WELCOME to our site devoted to item response theory (IRT) models for unfolding responses to rating scale items.
Item response theory models have become increasingly popular measurement tools in the past thirty-five years. These models use responses to items on a test or survey questionnaire to simultaneously locate both the items and the respondents on the same latent continuum (or latent space in the case of multidimensional IRT). This enables one to measure individuals on the latent trait defined by the set of items (e.g., ability, attitude, craving, satisfaction, quality of life, etc.) while simultaneously scaling each item on the very same dimension (e.g., easy versus hard items in the case of an ability test, unfavorable versus favorable statements in the case of an attitude questionnaire).
Most of the IRT models described in the psychometric literature have been cumulative in nature. They imply that higher levels of the latent trait (i.e., higher levels of ability, higher levels of satisfaction) should, in all probability, lead to higher item scores, which, in turn, should lead to higher total test scores. However, this is often not the case when binary disagree-agree or graded disagree-agree (i.e., Strongly Disagree, Disagree, Slightly Disagree, Slightly Agree, Agree, Strongly Agree) responses are studied. These responses are often more consistent with a different model – a model referred to as an unfolding model.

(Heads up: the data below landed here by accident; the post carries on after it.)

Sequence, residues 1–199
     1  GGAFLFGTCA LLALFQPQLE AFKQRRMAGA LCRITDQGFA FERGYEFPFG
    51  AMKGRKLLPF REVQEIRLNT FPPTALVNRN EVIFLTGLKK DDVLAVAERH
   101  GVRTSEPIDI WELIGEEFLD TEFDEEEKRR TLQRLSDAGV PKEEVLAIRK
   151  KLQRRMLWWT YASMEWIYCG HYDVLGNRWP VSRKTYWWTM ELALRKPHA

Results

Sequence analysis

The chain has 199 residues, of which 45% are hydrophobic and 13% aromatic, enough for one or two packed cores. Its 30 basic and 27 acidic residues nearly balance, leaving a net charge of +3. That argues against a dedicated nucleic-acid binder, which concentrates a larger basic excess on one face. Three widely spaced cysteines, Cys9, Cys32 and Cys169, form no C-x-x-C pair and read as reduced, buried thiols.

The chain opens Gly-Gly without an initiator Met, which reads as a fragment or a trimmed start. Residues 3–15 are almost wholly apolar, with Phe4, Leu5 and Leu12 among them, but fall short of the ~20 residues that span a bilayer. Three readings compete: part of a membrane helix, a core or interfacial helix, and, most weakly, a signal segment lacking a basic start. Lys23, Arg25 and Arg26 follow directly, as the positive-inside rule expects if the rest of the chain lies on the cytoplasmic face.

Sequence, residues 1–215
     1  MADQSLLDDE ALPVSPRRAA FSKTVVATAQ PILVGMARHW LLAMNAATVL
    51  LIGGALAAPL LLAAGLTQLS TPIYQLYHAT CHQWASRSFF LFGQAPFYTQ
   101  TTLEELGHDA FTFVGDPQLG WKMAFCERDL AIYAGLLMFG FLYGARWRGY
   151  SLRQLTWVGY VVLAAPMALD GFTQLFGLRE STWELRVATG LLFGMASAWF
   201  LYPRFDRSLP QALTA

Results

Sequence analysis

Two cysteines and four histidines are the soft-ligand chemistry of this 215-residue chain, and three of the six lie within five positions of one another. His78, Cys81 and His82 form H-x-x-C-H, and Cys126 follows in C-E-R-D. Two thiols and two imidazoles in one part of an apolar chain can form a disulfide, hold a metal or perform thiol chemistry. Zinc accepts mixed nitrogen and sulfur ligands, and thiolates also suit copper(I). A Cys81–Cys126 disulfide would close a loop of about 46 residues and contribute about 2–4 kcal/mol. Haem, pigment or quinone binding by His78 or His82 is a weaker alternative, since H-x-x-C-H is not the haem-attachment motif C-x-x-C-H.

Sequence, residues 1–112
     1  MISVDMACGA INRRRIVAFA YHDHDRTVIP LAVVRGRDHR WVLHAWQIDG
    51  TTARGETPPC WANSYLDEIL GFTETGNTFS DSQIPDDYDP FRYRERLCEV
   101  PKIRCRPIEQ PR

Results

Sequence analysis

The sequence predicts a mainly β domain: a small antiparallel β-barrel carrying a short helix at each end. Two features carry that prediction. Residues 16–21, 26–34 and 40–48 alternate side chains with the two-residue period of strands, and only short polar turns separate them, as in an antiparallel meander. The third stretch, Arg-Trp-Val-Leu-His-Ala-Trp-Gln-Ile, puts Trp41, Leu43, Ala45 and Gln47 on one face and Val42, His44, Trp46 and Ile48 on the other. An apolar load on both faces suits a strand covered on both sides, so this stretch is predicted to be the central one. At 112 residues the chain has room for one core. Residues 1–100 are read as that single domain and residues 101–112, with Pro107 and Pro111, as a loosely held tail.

An unfolding model suggests that higher item scores should, in all probability, be observed to the extent that the individual and the item are located close to each other on the latent continuum. Unfolding models are, thus, proximity models that predict item scores, and consequently total scores, on the basis of the distances between a given individual and each item in question. These models have been useful in studies of individual attitudes and preferences. For example, proponents of the unfolding approach to attitude measurement believe that an individual agrees with an attitude statement to the extent that the sentiment conveyed by the statement matches the individual’s own opinion on the issue. In terms of the IRT model, the degree of matching between an individual and an item is represented by the proximity of the individual to the item on the hypothetical latent attitude continuum which extends from an unfavorable pole to a favorable pole. If responses reflective of progressively stronger levels of agreement were coded with successive integers (i.e., 1, 2, 3, 4, 5, 6), then an unfolding model would predict larger item scores when the item and individual in question are near each other on the attitude continuum. Proponents of unfolding models suggest that the models are often appropriate whenever binary or graded disagree-agree responses are obtained in a rating scale format as in the case of a Thurstone scale or a Likert scale.
Unfolding models have been proposed in many different contexts in the psychometric literature. This site is devoted to exploring unfolding models within the context of item response theory. IRT unfolding models hold the possibility of sample free measurement, item banking, computer adaptive testing, and individual-based estimates of measurement precision. Our goal is to provide you with information and computing resources that will enable you to use IRT models for unfolding in your own research or practice. We hope to accomplish this goal by providing you with important scientific references on IRT unfolding models and applications, free modeling software, and illustrative data sets.
If you would like to contribute to or comment about this site, then please contact the founder (James S. Roberts). We want to hear from you! Good luck in your measurement endeavors.